Wednesday, June 18, 2014

Back to PNG. The leader of Isurawa village, Ivan Nitua knew a lot about birds in his area. He showed us the display site of a Magnificent Bird of Paradise:

We quickly built a hide for me, where I spent several hours observing the behaviour of this fantastic bird:

It was very unconfortable in the hide, but I managed to do a few sketches of the male:

Here's a short videoclip of the bird:

Sunday, June 15, 2014

In the June issue of British Birds magazine there's a big article about the identification of Slender-billed Curlew. I've painted the illustrations for it.
You can see a taster on the magazine's webpage:

Male and female from one of the plates:

I've always been fascinated by this species. Sadly it has a very sad sory, probably this is the first European bird that went extinct since the demise of the Great Auk. I'm extremely lucky having seen it once, back in 1996. I travelled through the whole country on night trains to twitch it on Hortobágy. It was long time ago, the memory is faded, but probably I will never have the chance again in my life.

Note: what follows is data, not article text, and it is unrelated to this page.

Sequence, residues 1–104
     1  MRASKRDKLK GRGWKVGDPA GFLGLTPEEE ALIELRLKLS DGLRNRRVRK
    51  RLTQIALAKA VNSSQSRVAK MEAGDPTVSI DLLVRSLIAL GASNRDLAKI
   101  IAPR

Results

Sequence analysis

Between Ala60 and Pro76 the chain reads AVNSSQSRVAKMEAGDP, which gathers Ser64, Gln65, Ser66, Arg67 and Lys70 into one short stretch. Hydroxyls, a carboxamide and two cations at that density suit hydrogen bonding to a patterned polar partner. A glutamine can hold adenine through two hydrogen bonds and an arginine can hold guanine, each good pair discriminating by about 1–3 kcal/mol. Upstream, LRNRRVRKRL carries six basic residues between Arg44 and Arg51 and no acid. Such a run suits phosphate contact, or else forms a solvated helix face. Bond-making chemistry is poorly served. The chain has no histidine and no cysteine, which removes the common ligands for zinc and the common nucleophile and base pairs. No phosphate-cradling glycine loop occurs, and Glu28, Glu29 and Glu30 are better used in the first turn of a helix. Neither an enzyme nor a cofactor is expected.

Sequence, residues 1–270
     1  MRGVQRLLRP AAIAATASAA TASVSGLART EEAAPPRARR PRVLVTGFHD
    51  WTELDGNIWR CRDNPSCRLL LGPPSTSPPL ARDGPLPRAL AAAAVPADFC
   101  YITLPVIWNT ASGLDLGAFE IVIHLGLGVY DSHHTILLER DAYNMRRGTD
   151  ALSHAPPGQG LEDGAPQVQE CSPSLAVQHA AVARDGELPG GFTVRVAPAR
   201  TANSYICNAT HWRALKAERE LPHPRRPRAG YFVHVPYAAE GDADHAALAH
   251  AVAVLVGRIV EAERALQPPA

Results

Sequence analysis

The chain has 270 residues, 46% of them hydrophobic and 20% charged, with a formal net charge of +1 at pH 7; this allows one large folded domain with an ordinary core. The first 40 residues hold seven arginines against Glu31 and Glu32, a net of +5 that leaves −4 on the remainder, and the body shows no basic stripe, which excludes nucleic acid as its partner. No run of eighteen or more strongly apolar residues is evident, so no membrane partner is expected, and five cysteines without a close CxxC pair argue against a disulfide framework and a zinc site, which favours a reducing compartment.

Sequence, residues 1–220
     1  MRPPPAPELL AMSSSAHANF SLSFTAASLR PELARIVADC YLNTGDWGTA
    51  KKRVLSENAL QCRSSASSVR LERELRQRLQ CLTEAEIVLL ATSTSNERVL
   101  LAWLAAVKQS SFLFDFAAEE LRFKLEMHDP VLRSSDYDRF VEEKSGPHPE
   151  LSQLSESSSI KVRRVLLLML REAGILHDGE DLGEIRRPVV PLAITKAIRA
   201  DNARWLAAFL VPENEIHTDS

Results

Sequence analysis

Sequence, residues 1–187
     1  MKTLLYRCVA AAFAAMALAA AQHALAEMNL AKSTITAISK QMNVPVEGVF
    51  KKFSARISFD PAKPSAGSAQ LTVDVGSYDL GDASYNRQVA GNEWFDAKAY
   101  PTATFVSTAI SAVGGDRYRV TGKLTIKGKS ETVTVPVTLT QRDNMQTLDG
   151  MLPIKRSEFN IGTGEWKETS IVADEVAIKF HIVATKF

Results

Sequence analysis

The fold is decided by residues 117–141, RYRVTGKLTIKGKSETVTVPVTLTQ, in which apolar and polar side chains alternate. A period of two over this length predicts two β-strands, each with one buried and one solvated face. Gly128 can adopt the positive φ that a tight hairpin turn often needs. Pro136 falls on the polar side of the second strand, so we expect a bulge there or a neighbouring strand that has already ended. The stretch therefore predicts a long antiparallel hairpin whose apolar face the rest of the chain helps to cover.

In 2002 I won the identification category of Birdwatch magazine with a plate dealing  with the SBC. It was more than 10 years ago, so now I look at these paintings with very critical eye:

I have several paintings depicting this species, trying to include their doomed fate on these.
The latest from 2010:

And an older version from 2001:

A flight 'shot':

 In Hungarian museums we have several specimens, so I had the chance to study them. Here are some feather studies:

I could even borrow one some years ago and put it in natural settings in the right habitat (in fact in the same area where the very last reliable sighting of this species happened in 2001):

Monday, June 09, 2014

I had an exhibition in Scotland with my fellow artist friend, Jonathan Latimer. We went to collect the unsold works last week, and spent a week travelling around Scotland birdwatching and sketching. I will put some of my fieldwork on my blog.
Our first destination was the estuary of Ythan river. It has an oversummering male King Eider. We had amazing views of this amazing bird.
It is the first bird on the right:

It was resting with Eiders during high tide: